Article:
Last week I had to write an email on a serious matter to one of the chief executives of our company. You know, writing such crisp and serious emails takes a lot of time and effort. It was a pain, but worth taking.
I spent more than 4 hours and wrote a lengthy email. After careful review I just deleted it, because it was very exhaustive. Next day morning I woke up very fresh and in good mood. I wrote just 2 sentences which actually conveyed more than I had written the other night!
Here is my effort to put together some thoughts on points to be considered while writing serious and sensitive emails. Hope this is useful.
We know that email is a powerful and convenient medium for communication. But it lacks cues like facial expression, body language and tone of voice. So email cannot adequately convey or interpret emotion. That makes it difficult for the recipients to decode meaning well. Since email lacks the ability to develop personal rapport, it makes relationships fragile in the face of conflict.
Email senders overestimate their ability to communicate feelings and email recipients overestimate their ability to correctly decode those feelings! One reason is that people are egocentric. They assume others experience the same way they do. To avoid miscommunication, emailers need to look at what they write from the recipient’s perspective. Read the email aloud in the opposite way you intend, whether serious or sarcastic. If the email makes sense either way, revise it.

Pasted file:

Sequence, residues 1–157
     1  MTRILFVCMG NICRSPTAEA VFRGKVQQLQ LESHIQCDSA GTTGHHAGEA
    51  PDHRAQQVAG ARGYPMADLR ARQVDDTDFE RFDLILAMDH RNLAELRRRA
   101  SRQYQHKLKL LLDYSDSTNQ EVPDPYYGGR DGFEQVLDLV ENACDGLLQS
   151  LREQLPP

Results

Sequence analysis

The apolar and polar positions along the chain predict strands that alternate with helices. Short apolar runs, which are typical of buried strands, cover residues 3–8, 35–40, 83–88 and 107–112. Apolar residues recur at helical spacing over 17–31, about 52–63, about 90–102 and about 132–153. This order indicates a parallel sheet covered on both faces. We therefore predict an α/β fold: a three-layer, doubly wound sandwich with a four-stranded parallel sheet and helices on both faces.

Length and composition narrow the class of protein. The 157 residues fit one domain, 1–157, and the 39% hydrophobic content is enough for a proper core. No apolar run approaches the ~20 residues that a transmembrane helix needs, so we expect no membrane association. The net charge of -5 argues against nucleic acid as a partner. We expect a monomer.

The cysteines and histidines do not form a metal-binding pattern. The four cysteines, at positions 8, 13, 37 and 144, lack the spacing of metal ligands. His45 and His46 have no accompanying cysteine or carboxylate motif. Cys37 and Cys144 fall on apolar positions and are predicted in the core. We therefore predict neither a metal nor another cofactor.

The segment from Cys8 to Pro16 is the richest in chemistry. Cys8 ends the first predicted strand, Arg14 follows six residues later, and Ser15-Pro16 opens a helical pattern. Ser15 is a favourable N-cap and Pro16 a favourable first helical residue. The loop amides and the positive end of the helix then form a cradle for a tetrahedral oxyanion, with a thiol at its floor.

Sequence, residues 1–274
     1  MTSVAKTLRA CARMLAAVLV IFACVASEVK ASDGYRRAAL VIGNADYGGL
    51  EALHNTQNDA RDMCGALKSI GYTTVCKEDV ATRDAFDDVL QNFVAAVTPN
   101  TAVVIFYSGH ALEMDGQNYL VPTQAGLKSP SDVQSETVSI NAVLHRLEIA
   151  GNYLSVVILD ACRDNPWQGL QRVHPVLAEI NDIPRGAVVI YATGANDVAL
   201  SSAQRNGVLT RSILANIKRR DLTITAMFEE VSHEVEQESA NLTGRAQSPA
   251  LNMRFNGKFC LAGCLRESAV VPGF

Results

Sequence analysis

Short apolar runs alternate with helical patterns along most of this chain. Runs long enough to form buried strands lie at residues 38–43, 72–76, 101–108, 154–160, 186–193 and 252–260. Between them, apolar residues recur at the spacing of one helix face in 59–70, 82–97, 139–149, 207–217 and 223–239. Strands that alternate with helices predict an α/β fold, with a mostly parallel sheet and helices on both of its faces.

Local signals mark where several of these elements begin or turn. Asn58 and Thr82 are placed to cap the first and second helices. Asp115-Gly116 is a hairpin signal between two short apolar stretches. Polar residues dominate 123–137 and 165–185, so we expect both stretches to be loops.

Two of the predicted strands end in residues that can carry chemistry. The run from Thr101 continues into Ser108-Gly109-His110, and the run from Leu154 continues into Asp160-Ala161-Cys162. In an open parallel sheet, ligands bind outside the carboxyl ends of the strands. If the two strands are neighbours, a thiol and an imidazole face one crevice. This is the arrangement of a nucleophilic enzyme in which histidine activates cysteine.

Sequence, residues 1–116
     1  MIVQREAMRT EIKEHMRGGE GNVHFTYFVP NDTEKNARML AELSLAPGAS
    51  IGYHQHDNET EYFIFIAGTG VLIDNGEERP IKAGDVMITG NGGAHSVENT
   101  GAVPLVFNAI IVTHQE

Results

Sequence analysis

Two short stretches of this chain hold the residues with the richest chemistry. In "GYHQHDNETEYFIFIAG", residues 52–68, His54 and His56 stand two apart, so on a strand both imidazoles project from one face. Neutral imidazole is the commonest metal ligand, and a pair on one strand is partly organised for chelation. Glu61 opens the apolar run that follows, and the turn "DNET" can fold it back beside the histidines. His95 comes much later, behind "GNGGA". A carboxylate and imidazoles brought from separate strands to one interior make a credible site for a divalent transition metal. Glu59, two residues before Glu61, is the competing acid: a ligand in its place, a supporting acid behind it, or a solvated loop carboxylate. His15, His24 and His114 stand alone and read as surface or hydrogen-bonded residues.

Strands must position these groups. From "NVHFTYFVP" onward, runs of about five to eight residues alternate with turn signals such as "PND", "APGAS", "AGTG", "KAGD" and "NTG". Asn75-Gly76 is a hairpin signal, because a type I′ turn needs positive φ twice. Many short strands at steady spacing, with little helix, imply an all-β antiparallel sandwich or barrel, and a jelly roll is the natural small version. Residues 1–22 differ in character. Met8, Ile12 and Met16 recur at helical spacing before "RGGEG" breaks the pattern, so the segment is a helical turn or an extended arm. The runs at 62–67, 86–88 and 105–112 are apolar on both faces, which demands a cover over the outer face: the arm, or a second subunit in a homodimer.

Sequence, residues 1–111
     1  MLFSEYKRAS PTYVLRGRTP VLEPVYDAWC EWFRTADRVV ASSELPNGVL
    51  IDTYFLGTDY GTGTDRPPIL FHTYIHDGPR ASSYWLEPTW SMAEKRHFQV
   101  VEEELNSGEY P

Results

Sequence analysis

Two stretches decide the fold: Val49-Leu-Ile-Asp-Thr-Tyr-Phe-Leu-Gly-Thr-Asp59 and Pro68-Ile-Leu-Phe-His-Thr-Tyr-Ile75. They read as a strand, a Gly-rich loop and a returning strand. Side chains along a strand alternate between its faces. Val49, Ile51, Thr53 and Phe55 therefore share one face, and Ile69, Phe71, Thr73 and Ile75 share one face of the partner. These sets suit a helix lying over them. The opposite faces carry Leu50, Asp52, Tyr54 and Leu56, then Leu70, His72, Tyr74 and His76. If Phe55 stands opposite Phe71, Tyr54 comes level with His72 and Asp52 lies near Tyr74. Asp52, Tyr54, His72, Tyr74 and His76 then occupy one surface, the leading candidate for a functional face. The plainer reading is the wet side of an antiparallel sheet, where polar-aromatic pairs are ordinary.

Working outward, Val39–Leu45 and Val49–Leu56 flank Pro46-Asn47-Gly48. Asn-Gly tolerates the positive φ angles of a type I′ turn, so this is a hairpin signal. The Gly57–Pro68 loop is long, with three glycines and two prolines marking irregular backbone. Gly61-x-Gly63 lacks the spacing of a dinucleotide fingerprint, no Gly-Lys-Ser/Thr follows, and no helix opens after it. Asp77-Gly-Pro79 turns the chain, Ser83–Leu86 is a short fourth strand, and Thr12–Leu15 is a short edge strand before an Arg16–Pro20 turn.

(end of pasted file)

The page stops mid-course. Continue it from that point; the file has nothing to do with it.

Don’t rely heavily on email. Emails can be ambiguous. So criticism, subtle intentions and emotions are better carried over the phone. People are much less likely to prejudge after communicating by phone than they are after receiving an email.
Email tends to be short and to the point. Also quick replies and quick decisions are very welcomed by senior management. So people tend to reply or forward quickly without thinking the implications of the decision they just made. Sometimes the email may get in to the hands of someone who should not be seeing it at all. This happens because the feeling of urgency is getting attached to the emails and not having time to read it completely.
Written below are some of the general email etiquette I suggest in professional communication.
- To avoid miscommunication, emailers need to look at what they write from the recipient’s perspective. Read the email aloud in the opposite way you intend, whether serious or sarcastic. If the email makes sense either way, revise it.